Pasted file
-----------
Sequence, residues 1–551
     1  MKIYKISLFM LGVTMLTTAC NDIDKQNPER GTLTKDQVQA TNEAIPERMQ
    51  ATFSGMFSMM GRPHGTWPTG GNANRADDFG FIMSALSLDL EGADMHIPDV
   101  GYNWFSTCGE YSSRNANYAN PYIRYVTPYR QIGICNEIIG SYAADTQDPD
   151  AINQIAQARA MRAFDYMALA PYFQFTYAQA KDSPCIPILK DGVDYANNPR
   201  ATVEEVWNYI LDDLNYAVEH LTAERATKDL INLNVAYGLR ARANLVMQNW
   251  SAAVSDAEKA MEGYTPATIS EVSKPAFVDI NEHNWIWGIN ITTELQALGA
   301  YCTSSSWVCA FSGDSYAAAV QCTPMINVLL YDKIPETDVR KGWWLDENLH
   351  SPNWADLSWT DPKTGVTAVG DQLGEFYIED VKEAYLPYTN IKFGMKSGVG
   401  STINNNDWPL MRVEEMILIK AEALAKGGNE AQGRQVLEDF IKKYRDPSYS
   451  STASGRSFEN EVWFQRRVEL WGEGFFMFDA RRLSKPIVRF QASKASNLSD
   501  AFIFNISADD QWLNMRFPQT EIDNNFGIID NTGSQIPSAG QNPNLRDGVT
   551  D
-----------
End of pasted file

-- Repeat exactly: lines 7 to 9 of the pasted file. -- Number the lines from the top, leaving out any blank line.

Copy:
   251  SAAVSDAEKA MEGYTPATIS EVSKPAFVDI NEHNWIWGIN ITTELQALGA
   301  YCTSSSWVCA FSGDSYAAAV QCTPMINVLL YDKIPETDVR KGWWLDENLH
   351  SPNWADLSWT DPKTGVTAVG DQLGEFYIED VKEAYLPYTN IKFGMKSGVG